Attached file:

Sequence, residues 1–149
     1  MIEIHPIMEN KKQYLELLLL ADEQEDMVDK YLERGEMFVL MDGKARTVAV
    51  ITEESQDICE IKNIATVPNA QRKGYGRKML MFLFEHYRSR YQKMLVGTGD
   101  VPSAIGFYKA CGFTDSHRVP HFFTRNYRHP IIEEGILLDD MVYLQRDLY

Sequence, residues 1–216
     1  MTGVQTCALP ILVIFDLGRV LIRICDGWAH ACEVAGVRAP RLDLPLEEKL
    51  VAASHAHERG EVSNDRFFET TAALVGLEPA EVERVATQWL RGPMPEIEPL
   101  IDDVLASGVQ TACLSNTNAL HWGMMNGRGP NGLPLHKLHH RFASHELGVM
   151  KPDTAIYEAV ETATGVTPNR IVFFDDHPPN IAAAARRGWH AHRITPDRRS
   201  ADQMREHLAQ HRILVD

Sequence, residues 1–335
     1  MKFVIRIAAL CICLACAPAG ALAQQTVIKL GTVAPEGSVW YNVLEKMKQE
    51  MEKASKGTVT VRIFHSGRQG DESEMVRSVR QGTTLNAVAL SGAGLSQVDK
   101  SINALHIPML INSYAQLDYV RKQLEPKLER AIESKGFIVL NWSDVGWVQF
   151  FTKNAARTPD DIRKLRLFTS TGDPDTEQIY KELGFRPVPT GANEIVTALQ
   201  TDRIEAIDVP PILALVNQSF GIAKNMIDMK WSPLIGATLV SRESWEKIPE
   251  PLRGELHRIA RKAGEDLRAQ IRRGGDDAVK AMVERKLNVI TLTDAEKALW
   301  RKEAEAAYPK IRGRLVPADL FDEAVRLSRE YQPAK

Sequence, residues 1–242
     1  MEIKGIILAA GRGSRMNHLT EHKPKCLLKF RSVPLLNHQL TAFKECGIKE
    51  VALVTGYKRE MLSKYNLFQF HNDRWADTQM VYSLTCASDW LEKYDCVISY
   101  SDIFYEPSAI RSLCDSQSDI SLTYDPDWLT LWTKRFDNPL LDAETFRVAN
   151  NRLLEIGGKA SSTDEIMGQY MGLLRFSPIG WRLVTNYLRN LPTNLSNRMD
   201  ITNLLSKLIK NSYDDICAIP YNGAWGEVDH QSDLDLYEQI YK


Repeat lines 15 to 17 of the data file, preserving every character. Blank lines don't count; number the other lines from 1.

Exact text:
   151  FTKNAARTPD DIRKLRLFTS TGDPDTEQIY KELGFRPVPT GANEIVTALQ
   201  TDRIEAIDVP PILALVNQSF GIAKNMIDMK WSPLIGATLV SRESWEKIPE
   251  PLRGELHRIA RKAGEDLRAQ IRRGGDDAVK AMVERKLNVI TLTDAEKALW